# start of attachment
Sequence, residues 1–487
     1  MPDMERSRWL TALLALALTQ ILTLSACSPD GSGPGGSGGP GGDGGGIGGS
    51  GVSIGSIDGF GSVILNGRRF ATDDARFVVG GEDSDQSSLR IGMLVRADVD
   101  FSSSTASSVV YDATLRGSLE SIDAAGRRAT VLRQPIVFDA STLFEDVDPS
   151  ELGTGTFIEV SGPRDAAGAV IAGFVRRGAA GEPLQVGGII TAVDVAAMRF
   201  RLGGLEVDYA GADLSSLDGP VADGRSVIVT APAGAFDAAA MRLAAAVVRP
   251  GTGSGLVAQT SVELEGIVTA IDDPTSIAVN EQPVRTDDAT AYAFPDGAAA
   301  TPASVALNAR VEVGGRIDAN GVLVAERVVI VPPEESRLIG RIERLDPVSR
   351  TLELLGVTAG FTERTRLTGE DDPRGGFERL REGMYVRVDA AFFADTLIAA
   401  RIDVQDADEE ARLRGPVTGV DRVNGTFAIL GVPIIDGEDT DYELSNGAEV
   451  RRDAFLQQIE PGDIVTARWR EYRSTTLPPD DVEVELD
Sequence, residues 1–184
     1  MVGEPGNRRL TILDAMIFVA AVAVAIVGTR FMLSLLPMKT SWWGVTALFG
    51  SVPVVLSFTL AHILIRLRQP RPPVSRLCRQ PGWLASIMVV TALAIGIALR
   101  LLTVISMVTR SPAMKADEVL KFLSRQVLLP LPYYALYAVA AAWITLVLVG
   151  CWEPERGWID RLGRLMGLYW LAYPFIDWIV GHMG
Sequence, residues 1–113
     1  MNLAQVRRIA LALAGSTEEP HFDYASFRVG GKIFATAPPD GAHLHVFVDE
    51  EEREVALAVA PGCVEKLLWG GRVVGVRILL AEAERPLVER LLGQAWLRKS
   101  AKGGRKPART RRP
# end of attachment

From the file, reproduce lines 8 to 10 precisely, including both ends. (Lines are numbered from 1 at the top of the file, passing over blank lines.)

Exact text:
   301  TPASVALNAR VEVGGRIDAN GVLVAERVVI VPPEESRLIG RIERLDPVSR
   351  TLELLGVTAG FTERTRLTGE DDPRGGFERL REGMYVRVDA AFFADTLIAA
   401  RIDVQDADEE ARLRGPVTGV DRVNGTFAIL GVPIIDGEDT DYELSNGAEV